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Empowering Our Veterans

The Remarkable Bond Service Dogs and Veterans Share

Photo: Courtesy of Blue Buffalo

Millions of veterans are struggling to engage in the communities they sacrificed so much to protect. Trained dogs that provide a service and encourage community engagement can make the challenges of transition easier.

“Returning service members come back to an environment where many individuals lack an understanding of military culture,” said Marine combat veteran BJ Ganem, who is the CEO of Sierra Delta: Service Dogs for Veterans. 

Feelings of isolation and integrating into civilian society are difficult challenges to face alone. 

“In the military, the smallest unit is the fire team, and a service dog helps re-establish that fire-team and gives veterans another being to look after,” Ganem said.

Studies have shown that dogs can provide health benefits, lower stress, and make their owner(s) happier. These benefits, combined with specialized training to perform tasks for people with specific needs, can help veterans tackle day-to-day life.

Service dogs, such as guide dogs, can aid with loss of limbs, vision loss, hearing loss, and other injuries. These dogs can be trained to help in emergencies, perform perimeter checks, retrieve items, operate doors, pull wheelchairs, and help with daily activities.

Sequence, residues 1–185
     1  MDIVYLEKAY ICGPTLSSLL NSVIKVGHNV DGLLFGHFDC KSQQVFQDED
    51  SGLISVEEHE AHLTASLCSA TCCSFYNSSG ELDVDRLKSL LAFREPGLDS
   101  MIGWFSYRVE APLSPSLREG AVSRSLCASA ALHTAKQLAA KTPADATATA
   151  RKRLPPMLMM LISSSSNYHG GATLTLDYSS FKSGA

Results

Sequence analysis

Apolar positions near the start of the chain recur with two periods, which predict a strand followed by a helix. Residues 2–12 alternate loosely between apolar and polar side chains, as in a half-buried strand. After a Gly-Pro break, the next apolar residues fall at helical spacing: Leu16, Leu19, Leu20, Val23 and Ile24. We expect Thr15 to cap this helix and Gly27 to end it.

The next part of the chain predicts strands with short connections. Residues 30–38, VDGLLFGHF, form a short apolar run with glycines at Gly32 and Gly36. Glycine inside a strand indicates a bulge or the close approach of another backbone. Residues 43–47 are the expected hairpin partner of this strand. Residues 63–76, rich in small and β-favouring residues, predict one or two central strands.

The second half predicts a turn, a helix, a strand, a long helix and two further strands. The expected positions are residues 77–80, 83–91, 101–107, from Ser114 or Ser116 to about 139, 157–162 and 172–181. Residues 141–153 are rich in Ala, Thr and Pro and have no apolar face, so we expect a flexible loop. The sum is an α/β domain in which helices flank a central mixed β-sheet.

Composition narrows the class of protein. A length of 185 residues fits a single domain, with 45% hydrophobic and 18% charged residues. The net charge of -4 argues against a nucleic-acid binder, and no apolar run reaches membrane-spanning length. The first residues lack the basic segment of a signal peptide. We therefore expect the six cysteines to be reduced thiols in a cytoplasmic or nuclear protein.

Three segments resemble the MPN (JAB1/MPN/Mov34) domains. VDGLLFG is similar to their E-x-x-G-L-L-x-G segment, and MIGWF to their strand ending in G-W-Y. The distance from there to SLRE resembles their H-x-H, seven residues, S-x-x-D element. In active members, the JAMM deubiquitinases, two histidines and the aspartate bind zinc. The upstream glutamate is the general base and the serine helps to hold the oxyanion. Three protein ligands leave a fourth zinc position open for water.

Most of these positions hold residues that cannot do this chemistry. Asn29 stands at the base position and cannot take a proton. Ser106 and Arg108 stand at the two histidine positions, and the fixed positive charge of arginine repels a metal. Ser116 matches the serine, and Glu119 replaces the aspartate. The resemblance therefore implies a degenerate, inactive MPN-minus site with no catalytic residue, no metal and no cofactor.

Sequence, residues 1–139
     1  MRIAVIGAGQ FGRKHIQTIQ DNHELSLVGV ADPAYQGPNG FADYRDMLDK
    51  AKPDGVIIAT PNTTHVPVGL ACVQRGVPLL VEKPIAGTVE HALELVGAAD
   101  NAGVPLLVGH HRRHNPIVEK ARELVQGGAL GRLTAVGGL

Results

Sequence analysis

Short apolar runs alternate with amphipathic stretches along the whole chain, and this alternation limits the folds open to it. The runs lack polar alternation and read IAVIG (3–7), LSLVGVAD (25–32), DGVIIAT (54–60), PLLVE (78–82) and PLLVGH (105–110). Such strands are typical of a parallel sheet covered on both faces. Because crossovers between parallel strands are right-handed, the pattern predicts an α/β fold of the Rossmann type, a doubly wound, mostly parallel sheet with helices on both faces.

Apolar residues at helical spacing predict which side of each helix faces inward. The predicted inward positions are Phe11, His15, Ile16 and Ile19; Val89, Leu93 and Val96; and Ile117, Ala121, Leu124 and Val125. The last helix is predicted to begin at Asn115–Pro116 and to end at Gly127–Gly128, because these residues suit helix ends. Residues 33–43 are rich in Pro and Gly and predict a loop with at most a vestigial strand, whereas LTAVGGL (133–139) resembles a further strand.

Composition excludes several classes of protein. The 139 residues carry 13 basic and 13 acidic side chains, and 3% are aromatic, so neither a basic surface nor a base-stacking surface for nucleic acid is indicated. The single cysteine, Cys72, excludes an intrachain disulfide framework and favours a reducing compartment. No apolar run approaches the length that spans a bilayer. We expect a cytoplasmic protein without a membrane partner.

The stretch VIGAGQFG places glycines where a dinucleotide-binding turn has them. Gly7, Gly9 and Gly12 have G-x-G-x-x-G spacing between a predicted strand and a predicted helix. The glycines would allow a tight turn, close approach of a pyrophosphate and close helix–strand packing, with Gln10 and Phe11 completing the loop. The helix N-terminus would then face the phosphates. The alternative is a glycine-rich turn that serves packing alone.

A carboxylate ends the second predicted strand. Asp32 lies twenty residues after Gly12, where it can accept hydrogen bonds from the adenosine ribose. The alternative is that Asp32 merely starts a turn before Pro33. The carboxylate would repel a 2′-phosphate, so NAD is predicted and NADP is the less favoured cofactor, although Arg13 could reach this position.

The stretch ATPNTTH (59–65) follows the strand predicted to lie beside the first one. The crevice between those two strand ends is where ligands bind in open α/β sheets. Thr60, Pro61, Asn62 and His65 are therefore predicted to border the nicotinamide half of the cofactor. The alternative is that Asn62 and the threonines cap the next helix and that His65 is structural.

Sense of security

Within weeks of getting her service dog Leland, Army veteran Stefanie Miller, who suffers from severe PTSD, was able to set foot in a grocery store for the first time in years. When asked about her experience with her service dog, Stephanie replied, “I became 24 again, and my husband is no longer my caretaker.”

Service dogs not only help with physical limitations but also emotional wellness. These dogs may help alleviate PTSD, reduce stress and anxiety levels, mitigate depression, wake veterans from night terrors, increase social engagement, provide empowerment, and restore purpose. 

For Marine Corps veteran Chase Wallsch: “Conan has been a huge support for me physically and emotionally. Through him, I have experienced a decrease in stress and depression. At times when I get lonely, he helps out with just being around.” 

The right pair

Every dog provides a service. Whether that service is retrieving objects, such as prosthetics, or facilitating calm responses to anxiety, service dogs are trained to a veteran’s needs. 

Many organizations pair service dogs with veterans and the application and process vary for each organization. This process can take anywhere from four months to two years depending on the veteran and organization. There are various resources to consult when deciding if a service dog is the right fit for a veteran and their family.

According to the 2019-20 APPA National Pet Owners Survey, 63.4 million U.S. households have at least one dog. There is a reason why dogs are universally known as “man’s best friend.” Veterans often refer to their service dogs as “lifesavers,” making the relationship between a service dog and veteran a remarkable bond to witness.

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